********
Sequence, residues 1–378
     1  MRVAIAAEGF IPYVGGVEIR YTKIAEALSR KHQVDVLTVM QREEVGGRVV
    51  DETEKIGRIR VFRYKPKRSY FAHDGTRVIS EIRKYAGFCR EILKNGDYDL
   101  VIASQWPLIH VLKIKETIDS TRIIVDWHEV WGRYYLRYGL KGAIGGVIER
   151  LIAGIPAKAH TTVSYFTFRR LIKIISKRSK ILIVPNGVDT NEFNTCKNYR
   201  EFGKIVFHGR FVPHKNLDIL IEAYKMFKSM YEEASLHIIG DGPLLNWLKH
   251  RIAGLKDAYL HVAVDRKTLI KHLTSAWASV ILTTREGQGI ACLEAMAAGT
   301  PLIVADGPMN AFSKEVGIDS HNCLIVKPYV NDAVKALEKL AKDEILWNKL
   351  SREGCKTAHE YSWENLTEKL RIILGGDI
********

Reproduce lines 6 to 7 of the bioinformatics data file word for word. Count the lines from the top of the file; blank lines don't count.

   201  EFGKIVFHGR FVPHKNLDIL IEAYKMFKSM YEEASLHIIG DGPLLNWLKH
   251  RIAGLKDAYL HVAVDRKTLI KHLTSAWASV ILTTREGQGI ACLEAMAAGT